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Poor crazy Cissie, my Nurse that I was telling you of, she took three solid silver tablespoons.' 'Took! But isn't that stealing?' Una cried. 'Hsh!' said Philadelphia, looking round at Puck. 'All I say is she took them without my leave. I made it right afterwards. So, as Dad says--and he's a magistrate-, it wasn't a legal offence; it was only compounding a felony.

This is from "Marklake Witches" by Kipling. http://pinkmonkey.com/dl/library1/digi300.pdf

What does "only" mean here ?

Does "compounding" mean "there is possibility of being a felony" ?

I am glad if some one kindly teach me.

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    "Only" here takes its common meaning of merely or no more than. Did you consult a dictionary to learn about the verb to compound? Please see this link. See also definition 10 in the Collins Dictionary. Sep 20, 2016 at 3:42
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    @P.E.Dant I have never heard of this phrase definition in the US. When I first read the example, I thought it was "6. to intensify by an added element ⇒ his anxiety was compounded by her crying", except that would make no sense in this context. But I can see how it might be confusing. Anyway you should write an answer.
    – user3169
    Sep 20, 2016 at 5:14
  • Thank you so much! I have understood the meaning of "compounding a felony" so well. Sep 20, 2016 at 7:52

1 Answer 1

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The author Rudyard Kipling here uses the verb to compound in its special legal sense.

See Webster's Revised Unabridged Dictionary (1913), definition 5 under verb:

  1. To settle amicably; to adjust by agreement; to compromise; to discharge from obligation upon terms different from those which were stipulated; as, to compound a debt. I pray, my lords, let me compound this strife. Shakespeare. To compound a felony, to accept of a consideration for forbearing to prosecute, such compounding being an indictable offense.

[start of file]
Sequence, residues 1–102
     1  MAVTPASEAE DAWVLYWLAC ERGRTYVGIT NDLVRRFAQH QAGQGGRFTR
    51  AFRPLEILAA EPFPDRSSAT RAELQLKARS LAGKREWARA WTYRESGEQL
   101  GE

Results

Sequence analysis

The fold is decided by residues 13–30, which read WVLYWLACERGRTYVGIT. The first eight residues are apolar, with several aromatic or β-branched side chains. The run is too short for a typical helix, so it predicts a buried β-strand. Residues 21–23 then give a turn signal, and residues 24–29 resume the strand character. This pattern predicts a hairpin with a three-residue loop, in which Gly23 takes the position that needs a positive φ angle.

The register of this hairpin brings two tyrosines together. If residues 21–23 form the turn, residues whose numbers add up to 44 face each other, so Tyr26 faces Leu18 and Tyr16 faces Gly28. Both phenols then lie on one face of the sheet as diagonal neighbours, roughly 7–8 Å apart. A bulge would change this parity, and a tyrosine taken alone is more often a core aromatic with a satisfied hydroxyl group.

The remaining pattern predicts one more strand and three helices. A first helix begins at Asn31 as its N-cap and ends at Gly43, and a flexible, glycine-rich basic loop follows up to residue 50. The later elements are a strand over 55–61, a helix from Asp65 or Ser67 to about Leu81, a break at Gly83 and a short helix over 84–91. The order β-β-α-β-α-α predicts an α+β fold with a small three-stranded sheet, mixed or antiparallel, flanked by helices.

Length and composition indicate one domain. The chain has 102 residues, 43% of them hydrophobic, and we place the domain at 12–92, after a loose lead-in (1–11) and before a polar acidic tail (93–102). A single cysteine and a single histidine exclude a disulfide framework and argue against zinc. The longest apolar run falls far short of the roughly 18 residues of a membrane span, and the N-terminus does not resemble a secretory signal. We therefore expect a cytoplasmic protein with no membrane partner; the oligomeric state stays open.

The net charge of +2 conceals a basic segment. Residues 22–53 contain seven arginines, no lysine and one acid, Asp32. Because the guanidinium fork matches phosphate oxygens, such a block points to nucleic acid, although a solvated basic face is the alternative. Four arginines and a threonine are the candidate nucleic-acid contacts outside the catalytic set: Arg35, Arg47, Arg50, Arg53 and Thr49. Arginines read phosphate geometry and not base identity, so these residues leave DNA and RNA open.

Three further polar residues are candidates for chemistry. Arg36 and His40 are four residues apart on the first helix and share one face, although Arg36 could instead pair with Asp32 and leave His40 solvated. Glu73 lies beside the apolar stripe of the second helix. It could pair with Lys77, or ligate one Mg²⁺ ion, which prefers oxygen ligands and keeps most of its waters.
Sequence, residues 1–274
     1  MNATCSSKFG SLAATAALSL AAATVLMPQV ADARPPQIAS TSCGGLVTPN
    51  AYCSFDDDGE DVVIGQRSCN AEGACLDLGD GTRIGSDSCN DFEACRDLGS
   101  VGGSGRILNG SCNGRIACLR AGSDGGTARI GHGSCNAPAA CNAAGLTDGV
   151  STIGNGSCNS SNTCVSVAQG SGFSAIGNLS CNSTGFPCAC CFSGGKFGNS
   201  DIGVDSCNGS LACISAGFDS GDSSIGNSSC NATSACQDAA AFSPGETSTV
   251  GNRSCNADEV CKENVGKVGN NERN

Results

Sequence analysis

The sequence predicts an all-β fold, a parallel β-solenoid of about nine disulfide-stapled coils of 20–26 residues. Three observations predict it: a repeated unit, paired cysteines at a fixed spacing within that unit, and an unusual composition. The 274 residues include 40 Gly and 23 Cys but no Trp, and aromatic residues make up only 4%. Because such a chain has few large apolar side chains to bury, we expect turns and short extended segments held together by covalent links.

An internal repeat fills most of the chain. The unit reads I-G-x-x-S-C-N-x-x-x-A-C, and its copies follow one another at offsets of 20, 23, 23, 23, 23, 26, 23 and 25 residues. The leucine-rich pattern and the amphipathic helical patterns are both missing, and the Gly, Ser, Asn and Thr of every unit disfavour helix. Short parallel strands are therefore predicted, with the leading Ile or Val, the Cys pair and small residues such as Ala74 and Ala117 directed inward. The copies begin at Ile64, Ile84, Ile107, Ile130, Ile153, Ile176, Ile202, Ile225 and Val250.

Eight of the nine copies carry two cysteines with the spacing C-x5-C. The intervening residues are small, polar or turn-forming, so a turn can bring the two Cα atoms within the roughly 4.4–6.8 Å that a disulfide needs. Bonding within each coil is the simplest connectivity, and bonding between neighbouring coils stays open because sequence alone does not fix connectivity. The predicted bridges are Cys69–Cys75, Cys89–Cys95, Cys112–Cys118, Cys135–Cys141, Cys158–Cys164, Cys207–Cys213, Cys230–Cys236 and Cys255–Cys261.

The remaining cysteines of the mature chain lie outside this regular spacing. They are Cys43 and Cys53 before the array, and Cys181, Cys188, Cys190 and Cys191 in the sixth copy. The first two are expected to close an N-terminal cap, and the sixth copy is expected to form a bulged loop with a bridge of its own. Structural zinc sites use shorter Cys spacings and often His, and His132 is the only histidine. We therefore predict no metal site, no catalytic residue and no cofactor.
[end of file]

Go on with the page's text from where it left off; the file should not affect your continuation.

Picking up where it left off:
The more modern Collins Dictionary still has under definition 10:

  1. law to agree not to prosecute in return for a consideration ⇒ to compound a crime

In law, an officer of the court (a magistrate, judge or attorney, e.g.) may agree not to prosecute a crime in return for some consideration. In this case, the nurse Cissie purloined three silver tablespoons, but Philadelphia (the speaker in your quotation) "made it right," and as a result Cissie was not punished for the theft.

The adverb only is used here in its normal sense as merely or no more than.

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  • Thank so much for your detailed answer! It is so helpful! Sep 21, 2016 at 2:30
  • Hi. You could also include the definition and link to Collins to show that it is a definition still in a modern dictionary. That would seem to me to make an even better answer, especially since you've already indicated that info in a comment. Sep 22, 2016 at 1:04
  • @AlanCarmack Good point - I originally used the Collins citation, but replaced it with Webster; I'll include both, belt & suspenders. (Chambers has it too, btw, and Oxford, who call it dated.) Sep 22, 2016 at 1:54
  • I actually did not know this use of compound. Sep 22, 2016 at 10:34

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